Wednesday, July 27, 2011

Winter Wednesday: Mid-Winter Blooms.

A colourful discovery in the garden:
A jonquil...
A pig-face...

And a native creeper (whose name I've no idea),
all in bloom.

The first sign of spring, perhaps?
I'm amazed they've survived the frost, to be honest.

"Awake, thou wintry earth -
Fling off thy sadness!
Fair vernal flowers, laugh forth
Your ancient gladness!"
~Thomas Blackburn

Winter Wednesday is a photo feature hosted by Hazel Dene.

Monday, July 25, 2011

The Yellow-footed Rock-wallaby.

[Yellow-footed rock-wallaby, Warren's Gorge, Flinders Ranges, 23.7.11]

On the weekend, SJ & I attended a social gathering with my work colleagues at Warren's Gorge in the Flinders Ranges, a short drive from where we live. It was a great day filled with perfect weather, food, drink, bushwalks and laughter.

Oh, and rock-wallaby sightings.

I have always kept a lookout but until Saturday had never seen a Yellow-footed rock-wallaby in the wild. The Flinders Ranges is one of the wallaby's few remaining natural habitats, and due to their small numbers are a protected species. They are not as large as a kangaroo, but have an amazingly long tail that features dark rings, and orange/yellow fur on their ears and limbs. They are such a pretty animal.

We watched this little fellow graze on the edge of the cliff face for what seemed like an age: He/she wasn't bothered by the attention in the slightest.

Friday, July 22, 2011

On My Mind: Winter's Teeth.

Boy, was it another frosty one this morning! (Even though this is phrased as a question, it's actually made as a statement. Don't ponder its grammatical incorrectness too much: Just trust me when I say it's an Australian thing.)

I know I seem to be talking about the weather a lot lately, but during mid-winter what else is there to talk about? It's too cold to do anything except sit around and discuss how cold it is.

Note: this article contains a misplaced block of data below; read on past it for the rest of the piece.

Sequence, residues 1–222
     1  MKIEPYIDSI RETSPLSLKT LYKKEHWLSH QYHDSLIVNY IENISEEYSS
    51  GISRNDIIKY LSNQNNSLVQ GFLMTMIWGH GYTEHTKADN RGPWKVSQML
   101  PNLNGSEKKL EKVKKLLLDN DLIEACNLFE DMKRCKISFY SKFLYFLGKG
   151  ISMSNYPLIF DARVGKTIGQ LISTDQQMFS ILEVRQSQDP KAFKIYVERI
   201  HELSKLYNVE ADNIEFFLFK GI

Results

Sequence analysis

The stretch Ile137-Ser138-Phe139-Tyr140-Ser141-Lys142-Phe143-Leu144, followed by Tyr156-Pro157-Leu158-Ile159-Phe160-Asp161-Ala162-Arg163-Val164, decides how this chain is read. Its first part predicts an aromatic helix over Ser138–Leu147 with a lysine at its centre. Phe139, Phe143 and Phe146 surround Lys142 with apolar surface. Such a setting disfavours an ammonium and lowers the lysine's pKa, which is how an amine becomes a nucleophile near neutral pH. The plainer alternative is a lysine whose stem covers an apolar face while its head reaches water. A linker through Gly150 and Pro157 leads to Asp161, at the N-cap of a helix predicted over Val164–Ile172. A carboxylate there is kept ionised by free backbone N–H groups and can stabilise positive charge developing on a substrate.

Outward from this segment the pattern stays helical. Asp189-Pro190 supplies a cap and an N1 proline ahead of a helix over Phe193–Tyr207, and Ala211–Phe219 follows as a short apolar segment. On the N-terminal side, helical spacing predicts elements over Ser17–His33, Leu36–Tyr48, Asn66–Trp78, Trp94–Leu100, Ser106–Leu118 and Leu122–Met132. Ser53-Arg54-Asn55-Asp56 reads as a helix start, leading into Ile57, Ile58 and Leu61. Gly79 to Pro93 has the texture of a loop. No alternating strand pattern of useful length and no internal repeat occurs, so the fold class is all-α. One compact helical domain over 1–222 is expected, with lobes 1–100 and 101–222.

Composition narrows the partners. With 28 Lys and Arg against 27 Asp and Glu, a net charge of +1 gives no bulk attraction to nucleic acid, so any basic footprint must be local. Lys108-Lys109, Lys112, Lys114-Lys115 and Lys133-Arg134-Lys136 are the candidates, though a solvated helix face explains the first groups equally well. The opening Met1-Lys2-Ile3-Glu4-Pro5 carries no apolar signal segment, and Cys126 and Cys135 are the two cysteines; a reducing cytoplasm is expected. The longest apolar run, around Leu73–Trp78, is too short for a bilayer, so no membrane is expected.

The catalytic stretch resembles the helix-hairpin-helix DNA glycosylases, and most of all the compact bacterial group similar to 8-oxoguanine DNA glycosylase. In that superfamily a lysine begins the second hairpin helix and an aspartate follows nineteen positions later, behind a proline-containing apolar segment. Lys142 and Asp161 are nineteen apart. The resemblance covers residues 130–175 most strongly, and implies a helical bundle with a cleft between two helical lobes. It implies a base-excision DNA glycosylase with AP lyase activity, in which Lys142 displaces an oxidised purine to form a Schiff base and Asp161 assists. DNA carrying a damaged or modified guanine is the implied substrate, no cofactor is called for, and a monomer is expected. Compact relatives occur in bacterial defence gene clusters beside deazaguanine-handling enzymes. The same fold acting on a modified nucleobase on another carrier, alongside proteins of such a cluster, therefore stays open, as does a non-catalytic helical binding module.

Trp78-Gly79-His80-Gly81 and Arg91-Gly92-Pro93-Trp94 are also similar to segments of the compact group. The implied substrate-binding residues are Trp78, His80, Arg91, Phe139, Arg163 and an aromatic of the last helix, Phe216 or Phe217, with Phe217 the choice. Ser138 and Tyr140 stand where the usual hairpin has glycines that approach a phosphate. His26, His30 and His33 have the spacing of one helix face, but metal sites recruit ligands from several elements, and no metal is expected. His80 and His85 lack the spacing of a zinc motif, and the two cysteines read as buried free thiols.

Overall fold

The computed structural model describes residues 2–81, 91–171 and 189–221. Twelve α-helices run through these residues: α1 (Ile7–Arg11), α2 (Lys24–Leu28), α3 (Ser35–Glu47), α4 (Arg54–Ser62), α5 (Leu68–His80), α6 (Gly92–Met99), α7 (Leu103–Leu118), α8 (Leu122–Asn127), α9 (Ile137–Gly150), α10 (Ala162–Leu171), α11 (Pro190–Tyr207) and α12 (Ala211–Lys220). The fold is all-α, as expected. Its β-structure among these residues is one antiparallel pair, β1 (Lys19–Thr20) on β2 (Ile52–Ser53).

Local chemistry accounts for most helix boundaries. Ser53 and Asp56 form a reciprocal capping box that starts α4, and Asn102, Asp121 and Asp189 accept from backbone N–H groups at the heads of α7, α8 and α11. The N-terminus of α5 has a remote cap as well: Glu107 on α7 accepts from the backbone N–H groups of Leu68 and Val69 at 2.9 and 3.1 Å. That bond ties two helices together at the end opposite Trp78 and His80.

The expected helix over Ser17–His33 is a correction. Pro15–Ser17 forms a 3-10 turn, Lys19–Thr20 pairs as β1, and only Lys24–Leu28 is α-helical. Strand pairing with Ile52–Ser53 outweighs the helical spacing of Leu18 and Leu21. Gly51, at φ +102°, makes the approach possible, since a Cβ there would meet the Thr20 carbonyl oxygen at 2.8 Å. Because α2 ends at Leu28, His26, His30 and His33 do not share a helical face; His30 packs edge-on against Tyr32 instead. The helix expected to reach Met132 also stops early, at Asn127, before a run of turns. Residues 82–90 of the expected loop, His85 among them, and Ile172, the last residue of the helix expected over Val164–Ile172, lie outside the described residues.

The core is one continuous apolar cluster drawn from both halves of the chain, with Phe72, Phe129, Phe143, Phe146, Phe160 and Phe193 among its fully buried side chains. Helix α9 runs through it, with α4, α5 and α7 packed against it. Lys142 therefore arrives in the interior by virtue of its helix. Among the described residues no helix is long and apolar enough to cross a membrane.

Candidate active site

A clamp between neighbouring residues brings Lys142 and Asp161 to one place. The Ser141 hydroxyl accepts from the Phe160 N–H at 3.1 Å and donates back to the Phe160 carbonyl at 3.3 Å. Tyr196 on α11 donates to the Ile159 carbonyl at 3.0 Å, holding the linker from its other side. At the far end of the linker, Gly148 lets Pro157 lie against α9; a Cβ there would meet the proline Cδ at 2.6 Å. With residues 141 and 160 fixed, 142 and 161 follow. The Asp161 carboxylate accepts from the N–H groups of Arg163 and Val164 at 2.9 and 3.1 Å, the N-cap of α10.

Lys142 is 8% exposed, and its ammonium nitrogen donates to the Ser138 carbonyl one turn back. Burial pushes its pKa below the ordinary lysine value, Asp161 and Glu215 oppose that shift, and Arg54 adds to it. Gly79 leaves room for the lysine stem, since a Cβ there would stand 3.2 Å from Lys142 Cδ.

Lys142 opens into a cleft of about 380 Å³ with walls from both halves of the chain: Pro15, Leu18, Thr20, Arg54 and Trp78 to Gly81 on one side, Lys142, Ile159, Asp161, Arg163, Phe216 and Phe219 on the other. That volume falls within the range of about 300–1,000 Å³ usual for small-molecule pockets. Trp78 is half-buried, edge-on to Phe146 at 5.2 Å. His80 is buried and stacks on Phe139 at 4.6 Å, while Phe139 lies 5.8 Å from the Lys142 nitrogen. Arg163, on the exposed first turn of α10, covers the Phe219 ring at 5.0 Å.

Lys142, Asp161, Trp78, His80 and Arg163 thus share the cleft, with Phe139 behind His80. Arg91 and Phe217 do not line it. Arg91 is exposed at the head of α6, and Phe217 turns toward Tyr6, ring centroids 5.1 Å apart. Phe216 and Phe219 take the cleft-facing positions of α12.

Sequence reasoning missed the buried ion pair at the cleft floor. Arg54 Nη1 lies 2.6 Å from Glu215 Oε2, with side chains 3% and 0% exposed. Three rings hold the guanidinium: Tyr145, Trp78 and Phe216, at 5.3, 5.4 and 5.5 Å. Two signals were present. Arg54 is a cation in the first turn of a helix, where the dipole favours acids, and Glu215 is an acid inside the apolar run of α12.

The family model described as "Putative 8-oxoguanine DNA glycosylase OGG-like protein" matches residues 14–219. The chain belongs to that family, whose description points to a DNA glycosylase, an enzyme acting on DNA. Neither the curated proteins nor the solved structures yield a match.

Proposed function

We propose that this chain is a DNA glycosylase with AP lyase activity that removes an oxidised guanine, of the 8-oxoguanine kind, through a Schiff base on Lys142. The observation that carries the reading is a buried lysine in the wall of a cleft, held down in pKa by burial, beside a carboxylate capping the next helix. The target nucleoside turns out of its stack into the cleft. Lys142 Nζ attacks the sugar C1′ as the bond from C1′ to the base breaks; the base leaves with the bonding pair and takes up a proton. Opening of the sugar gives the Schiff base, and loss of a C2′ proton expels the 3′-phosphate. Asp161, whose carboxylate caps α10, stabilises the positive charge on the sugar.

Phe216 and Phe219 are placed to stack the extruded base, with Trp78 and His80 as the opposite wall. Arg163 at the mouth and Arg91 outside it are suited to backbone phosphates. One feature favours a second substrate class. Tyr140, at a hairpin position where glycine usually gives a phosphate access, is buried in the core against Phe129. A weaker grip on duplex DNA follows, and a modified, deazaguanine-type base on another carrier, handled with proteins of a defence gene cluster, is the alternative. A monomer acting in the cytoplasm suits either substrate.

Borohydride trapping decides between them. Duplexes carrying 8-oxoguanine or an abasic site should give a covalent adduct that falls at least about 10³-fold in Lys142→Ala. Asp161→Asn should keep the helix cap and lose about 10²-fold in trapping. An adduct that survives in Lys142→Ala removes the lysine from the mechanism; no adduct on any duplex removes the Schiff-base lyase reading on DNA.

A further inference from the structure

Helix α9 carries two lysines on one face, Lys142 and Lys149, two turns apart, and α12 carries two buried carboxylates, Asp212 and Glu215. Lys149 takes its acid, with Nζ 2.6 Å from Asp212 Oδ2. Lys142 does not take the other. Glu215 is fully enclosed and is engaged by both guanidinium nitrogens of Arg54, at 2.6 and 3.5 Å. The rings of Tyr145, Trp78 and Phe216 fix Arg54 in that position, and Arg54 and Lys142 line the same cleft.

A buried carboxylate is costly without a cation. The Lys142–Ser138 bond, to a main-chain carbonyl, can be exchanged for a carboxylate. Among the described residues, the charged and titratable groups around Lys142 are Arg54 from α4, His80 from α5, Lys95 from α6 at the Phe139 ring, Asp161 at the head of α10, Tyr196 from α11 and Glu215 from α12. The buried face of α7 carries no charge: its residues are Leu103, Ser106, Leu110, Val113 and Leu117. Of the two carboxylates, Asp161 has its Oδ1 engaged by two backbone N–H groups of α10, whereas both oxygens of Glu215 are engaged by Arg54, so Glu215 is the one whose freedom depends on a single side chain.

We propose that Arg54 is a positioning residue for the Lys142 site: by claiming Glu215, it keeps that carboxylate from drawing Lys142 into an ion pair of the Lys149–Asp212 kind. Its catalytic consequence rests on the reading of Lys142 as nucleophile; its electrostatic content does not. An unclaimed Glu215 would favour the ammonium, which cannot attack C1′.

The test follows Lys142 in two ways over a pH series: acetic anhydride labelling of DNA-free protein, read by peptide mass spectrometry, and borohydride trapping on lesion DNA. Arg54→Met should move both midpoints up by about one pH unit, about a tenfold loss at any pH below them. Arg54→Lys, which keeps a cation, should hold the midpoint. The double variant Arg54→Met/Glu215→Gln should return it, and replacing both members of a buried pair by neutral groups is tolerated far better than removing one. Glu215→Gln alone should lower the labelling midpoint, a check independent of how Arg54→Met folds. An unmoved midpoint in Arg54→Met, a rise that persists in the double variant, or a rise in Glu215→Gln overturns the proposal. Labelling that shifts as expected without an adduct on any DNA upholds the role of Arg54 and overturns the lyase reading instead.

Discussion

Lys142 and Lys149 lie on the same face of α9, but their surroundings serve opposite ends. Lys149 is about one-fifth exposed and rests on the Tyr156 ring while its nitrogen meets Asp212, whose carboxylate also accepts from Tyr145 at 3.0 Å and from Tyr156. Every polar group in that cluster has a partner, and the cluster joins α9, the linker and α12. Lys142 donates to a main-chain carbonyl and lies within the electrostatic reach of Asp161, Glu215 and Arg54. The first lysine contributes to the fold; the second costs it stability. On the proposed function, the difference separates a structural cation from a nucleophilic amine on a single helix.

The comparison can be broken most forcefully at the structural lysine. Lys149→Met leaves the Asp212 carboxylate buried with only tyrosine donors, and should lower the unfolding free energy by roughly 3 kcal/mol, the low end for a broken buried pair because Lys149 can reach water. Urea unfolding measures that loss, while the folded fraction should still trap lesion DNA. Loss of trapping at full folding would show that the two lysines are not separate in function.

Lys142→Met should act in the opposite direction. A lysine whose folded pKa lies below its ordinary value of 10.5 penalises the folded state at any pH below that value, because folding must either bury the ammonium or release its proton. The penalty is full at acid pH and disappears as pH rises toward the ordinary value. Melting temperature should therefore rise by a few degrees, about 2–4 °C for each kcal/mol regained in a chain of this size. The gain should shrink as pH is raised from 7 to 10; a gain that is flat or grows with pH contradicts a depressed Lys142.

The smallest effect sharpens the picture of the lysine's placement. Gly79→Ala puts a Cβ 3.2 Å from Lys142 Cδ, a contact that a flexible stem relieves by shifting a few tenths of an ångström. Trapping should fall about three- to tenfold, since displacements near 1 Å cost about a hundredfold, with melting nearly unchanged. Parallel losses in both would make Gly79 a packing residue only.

When we woke at 6.30am it was still below zero (degrees Celsius) outside, and through the window (there was no way I was venturing outside!) I could see the frost glistening in the first light of the day.

We have had frost every morning this week. I'm starting to worry about the garden: I often turn the sprinklers on for a few minutes before leaving for work, just to spray the ice off the plants before the sunlight reaches them so they don't suffer frost burn, but this morning there was no hope of that as the water pipes were frozen solid!


This is a Friday photo feature from Down to Earth that anyone with a blog can join. It opens the door to us sharing our lives through these photos and gives us all a new way to discover each other, and maybe form new friendships. Your photo should show something at home that you're thinking about TODAY.

To take part, all you have to do is post a photo, write a short caption explaining it, and link it back to Down to Earth. Please write a new post, don't link to an older one. When your photo is published, go to Down to Earth and add a comment , with a link to your blog photo.

Tuesday, July 19, 2011

In the Garden: Confused Quandongs?

[Unripe Quandongs, July 2011]